(Phys.org) —A team of researchers with team members from China, the U.S. and Japan has created a computer model that shows that the moon is not solid all the way through—instead, it shows a liquid layer surrounding the core. In their paper published in the journal Nature Geoscience, the team suggests the liquid layer, if it's really there, is caused by friction due to Earth's gravity.
Scientists have noted anomalies in measurements of the moon's orbit and associated gravitational readings for some time. Such anomalies have defied explanation, however, as models built to replicate them have generally produced results that weren't very clear. At root however, has been the idea that the moon's core may be covered by a thin layer of liquid. The team noted that gravitational readings of the moon indicate that there is rotation at the core that is not the same as other rotation measurements near the core. This suggests a liquid outer layer.
To getter a better idea of what might be going on at the moon's center, the researchers built a computer model that takes into account the gravity exerted by the moon, the earth and the sun. When set into motion, the model showed that a liquid layer over the core gave the same gravity readings as scientists have found when measuring the real moon. This suggests, the team reports, that a liquid layer does truly exist, and likely has been there for a very long time.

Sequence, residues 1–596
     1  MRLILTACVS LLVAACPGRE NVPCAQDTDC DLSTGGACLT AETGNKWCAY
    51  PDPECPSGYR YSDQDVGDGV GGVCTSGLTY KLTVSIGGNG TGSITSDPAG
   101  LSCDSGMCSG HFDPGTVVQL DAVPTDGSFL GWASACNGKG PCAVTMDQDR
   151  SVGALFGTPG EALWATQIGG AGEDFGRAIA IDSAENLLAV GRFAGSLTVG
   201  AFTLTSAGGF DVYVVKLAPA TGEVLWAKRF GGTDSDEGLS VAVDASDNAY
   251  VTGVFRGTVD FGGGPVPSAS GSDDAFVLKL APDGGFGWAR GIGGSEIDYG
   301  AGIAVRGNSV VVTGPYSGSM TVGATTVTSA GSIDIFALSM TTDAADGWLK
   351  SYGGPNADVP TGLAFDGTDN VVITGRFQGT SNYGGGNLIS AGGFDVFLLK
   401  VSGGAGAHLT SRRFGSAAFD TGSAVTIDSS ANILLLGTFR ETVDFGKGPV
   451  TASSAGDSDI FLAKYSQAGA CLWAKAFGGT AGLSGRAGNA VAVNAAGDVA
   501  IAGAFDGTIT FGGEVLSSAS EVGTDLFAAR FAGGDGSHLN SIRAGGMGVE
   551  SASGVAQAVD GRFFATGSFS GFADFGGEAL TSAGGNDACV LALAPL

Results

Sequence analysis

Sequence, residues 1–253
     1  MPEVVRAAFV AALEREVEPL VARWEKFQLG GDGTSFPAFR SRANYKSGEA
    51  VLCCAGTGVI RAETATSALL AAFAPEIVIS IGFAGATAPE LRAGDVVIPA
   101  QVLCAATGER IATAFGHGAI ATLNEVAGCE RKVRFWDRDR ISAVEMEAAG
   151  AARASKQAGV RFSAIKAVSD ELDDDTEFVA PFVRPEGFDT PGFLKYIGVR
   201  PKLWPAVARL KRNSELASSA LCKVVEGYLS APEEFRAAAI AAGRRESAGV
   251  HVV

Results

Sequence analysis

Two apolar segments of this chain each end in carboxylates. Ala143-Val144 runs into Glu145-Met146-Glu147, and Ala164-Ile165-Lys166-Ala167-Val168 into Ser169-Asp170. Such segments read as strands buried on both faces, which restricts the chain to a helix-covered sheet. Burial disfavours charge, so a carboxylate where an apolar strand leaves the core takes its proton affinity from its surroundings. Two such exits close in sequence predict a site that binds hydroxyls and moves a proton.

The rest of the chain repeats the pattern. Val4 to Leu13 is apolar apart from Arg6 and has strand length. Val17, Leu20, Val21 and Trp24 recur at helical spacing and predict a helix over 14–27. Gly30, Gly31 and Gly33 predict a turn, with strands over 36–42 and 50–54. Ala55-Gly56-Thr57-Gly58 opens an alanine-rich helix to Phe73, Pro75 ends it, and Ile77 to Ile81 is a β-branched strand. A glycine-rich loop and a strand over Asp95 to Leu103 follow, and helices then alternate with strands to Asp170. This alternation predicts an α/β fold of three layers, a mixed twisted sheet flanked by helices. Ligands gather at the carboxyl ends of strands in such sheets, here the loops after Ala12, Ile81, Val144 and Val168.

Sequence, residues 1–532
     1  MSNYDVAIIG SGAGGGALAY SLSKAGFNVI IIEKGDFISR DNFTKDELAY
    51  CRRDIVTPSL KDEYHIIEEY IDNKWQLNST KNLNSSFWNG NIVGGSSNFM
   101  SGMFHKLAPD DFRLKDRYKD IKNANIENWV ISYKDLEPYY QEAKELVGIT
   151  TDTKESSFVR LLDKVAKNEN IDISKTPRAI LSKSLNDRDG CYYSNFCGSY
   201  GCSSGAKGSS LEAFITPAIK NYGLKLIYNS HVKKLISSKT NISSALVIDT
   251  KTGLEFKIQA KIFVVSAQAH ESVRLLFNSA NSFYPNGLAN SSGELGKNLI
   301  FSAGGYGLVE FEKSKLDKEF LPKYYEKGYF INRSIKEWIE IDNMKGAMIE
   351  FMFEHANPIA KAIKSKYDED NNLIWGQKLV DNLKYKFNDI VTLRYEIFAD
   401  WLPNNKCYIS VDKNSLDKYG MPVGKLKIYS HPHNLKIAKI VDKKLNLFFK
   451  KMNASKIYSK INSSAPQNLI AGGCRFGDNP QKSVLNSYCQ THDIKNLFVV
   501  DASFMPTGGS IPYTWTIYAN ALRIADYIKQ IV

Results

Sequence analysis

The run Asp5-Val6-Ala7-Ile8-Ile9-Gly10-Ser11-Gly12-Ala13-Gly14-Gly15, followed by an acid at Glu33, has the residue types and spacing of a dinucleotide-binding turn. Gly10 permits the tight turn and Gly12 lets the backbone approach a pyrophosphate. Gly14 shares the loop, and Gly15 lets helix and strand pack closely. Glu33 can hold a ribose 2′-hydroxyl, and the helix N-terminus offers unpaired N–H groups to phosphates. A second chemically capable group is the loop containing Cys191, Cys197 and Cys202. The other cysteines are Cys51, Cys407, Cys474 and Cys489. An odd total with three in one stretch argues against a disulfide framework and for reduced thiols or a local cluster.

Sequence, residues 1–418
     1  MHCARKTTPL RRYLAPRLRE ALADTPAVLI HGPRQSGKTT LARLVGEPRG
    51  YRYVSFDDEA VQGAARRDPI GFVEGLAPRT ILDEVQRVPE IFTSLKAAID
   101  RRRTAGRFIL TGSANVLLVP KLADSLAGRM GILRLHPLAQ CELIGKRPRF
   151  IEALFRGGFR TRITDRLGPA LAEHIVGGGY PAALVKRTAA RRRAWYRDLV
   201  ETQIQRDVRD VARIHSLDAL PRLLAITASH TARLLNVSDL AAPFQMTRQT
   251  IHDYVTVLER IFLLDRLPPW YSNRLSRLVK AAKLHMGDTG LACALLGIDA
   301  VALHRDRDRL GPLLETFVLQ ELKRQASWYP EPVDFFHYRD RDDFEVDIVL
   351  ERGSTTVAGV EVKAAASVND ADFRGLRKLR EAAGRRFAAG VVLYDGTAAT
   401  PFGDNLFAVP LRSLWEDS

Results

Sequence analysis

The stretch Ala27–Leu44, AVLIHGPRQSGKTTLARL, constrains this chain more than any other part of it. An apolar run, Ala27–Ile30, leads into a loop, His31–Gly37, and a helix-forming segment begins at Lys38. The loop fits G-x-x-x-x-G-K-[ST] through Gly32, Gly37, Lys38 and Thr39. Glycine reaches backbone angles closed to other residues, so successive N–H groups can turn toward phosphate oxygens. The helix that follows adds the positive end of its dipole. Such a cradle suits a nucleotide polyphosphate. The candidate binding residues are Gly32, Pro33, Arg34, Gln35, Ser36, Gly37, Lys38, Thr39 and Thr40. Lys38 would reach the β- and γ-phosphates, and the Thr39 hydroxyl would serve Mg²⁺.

As for why such a layer would exist, the team suggests that the tug of Earth's gravity—tidal heating—is likely playing a role, causing friction between the core and material above it, resulting in the creation and maintenance of a liquid layer.
A lot more research will have to be done, of course, before scientists accept the results of the computer model. But if such research should prove that there is a liquid layer, scientists might have to do some rethinking of theories that describe the origin of the moon. If the moon was created due to a large body striking Earth, why did it not cool down over the four and half billion years since then, to the extent that it would be too cold for a liquid layer to exist today?
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More information: Nature Geoscience (2014) DOI: 10.1038/ngeo2211